BettaNgold

Member
Why can’t you just take some of the existing filter media from the main tank and some gravel. Place that
In a quarantine tank and you should have a new cycle in a couple of days. Use Prime until then. Get them a heater and filter.
 

CHJ

Member
In cases like this you just call emergency water change.
Take water out of established tanks and dump it in a big plastic tub or pail. Instant tank. as these are guppies I do not even know if you need to ad a foam filter if you have a big tub (I would just in case).
 

BettaNgold

Member
CHJ said:
In cases like this you just call emergency water change.
Take water out of established tanks and dump it in a big plastic tub or pail. Instant tank. as these are guppies I do not even know if you need to ad a foam filter if you have a big tub (I would just in case).
That’ll start the tank with safe water but won’t start a cycle. The Beneficial bacteria must cling to something and doesn’t live in the water column. It needs to already be colonizing on something.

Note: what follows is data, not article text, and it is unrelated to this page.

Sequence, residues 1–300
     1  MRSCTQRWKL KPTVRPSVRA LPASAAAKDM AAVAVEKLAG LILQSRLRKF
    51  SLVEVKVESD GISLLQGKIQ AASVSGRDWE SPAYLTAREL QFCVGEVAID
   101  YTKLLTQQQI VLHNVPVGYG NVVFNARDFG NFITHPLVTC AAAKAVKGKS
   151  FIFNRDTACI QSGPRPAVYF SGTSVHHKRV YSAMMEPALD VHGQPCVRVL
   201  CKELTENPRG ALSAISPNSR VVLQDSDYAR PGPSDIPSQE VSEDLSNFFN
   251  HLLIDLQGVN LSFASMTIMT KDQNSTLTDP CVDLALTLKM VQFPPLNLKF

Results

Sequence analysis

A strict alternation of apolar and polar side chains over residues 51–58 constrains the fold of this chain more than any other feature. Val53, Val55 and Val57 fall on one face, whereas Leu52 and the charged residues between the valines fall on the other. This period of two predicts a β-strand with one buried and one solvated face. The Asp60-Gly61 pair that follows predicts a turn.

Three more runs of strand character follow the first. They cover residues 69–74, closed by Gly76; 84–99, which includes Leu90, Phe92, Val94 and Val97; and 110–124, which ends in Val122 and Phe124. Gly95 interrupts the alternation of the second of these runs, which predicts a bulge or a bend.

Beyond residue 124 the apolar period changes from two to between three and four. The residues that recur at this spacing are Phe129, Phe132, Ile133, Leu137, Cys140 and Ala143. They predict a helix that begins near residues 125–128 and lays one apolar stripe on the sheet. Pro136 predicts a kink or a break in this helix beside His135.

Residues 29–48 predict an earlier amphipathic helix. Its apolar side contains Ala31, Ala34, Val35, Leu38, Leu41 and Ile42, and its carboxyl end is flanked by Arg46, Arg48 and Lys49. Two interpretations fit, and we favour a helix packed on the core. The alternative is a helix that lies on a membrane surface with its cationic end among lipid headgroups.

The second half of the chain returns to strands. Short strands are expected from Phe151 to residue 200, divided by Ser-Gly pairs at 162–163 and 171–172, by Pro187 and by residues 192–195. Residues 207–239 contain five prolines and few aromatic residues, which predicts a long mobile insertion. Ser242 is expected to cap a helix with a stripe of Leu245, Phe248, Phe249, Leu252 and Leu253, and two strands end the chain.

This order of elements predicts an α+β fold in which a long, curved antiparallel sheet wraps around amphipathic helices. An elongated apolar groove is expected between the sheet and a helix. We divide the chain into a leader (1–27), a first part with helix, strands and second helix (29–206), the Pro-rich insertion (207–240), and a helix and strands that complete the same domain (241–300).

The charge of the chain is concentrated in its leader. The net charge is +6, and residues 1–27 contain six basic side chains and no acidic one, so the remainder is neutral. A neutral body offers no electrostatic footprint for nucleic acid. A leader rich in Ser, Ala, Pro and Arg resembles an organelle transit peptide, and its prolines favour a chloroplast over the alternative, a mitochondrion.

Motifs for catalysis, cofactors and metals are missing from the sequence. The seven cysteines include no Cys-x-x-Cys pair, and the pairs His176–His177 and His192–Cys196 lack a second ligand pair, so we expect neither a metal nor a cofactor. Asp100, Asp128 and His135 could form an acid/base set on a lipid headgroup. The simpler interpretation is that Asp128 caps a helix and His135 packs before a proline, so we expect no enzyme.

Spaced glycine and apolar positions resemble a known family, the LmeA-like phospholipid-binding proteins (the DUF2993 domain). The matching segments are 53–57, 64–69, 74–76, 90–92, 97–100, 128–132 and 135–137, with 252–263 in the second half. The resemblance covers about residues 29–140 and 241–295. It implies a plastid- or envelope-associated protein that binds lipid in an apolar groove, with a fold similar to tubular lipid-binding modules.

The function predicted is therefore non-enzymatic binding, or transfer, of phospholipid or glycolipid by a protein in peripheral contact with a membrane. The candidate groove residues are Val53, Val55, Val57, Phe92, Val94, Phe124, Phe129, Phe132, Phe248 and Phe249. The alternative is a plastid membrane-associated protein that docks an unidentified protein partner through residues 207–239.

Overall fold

• Thread Starter

Gladys

Member
I don't need an heater, it's always hot in my country. I did use the gravel from the established tank. The new fishes are quarantined 2 days ago, all I can do was put them in a small container with the original water they're living in and acclimate them slowly. Currently I don't have any extra filter and is waiting for it to arrive unless I use the one from my betta tank.
 

jpm995

Member
Gladys said:
I've already list the parameter numbers are on the previous page. Ammonia, nitrite at 0, nitrate at 10ppm, pH at 7. I'm not quite sure what you meant by your 2nd question. The first time I went there to buy guppies, the guppies are healthy until now, they're doing fine. If you're asking the guppies in the store, I'm not really sure as I've not been there since the first time I went there which was months ago. Besides I'm not there when the fishes were bought as a present, I don't know what the original tank looks like.